This chapter begins by summarizing the principal theoretical and empirical evidence for the deployment of particular social learning strategies. These are separated into "when" strategies, which dictate the circumstances under which individuals copy others and "who" strategies, which specify from whom individuals learn. The chapter then focuses on a specific case study - public information use in sticklebacks - as a vehicle to illustrate how strategies may be combined, and as a means to illustrate some of the complications and caveats that have recently emerged in this developing field. It goes on to consider how social learning strategy use relates to the psychological mechanisms underlying social learning. While these issues are essentially independent, the former relating to functional and the latter mechanistic categorizations of behavior, it is argued that not all strategies are consistent with all mechanisms, and that knowledge of one may shed a degree of light on the other.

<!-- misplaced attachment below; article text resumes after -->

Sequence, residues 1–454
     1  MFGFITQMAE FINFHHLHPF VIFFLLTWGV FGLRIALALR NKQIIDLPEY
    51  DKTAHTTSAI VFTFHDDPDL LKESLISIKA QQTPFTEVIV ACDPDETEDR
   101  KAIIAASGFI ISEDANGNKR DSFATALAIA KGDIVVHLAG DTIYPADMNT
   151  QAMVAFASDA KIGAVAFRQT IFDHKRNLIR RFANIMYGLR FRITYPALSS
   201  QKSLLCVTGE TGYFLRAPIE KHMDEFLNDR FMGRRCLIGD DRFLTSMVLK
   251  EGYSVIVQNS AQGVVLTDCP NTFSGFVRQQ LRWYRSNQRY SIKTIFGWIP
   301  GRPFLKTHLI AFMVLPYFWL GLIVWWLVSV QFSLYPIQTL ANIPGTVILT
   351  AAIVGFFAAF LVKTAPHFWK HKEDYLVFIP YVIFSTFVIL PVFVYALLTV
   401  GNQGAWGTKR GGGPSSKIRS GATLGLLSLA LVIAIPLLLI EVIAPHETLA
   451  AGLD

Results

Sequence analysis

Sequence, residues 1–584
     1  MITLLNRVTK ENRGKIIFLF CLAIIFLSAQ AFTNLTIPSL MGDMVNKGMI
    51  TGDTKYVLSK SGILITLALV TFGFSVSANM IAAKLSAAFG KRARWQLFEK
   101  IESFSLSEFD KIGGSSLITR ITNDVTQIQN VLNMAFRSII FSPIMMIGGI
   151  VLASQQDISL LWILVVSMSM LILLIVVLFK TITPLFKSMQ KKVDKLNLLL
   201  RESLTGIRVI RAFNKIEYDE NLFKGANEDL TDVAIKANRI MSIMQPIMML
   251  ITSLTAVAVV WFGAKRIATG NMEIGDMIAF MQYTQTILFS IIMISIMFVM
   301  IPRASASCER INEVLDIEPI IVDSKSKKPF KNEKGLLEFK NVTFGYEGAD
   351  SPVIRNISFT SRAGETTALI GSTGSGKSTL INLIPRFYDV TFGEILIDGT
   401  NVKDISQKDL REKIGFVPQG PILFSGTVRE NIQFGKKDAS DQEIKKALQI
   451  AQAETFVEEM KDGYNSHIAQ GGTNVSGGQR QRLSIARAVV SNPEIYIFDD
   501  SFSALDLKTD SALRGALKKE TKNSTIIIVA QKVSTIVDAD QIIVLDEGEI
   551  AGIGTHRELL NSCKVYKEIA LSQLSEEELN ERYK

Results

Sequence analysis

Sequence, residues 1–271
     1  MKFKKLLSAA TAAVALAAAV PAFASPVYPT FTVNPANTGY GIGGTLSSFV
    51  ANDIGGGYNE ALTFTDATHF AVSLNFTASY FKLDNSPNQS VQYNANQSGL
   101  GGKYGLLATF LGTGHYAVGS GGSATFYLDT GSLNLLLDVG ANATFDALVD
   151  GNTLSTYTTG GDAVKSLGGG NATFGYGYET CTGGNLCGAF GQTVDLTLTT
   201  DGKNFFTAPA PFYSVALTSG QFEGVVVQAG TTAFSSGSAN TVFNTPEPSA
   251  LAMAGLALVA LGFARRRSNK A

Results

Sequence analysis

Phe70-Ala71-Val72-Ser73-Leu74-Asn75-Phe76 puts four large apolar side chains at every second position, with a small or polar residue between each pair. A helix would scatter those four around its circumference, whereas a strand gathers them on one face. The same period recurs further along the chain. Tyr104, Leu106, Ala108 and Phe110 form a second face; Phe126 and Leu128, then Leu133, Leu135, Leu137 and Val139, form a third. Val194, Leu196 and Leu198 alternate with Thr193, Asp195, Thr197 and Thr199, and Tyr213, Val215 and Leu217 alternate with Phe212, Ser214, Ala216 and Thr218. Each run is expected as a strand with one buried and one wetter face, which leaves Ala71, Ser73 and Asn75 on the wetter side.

Original languageEnglish
Title of host publicationThe Oxford Handbook of Comparative Cognition
EditorsThomas R. Zentall, Edward A. Wasserman
PublisherOxford University Press
ISBN (Electronic)9780199968701
ISBN (Print)9780195392661
Publication statusPublished - 18 Sept 2012


  • Callitrichid monkey
  • Guppy
  • Innovation
  • Private information
  • Producer-scrounger
  • Public information
  • Rat
  • Social learning
  • Social learning strategies
  • Stickleback


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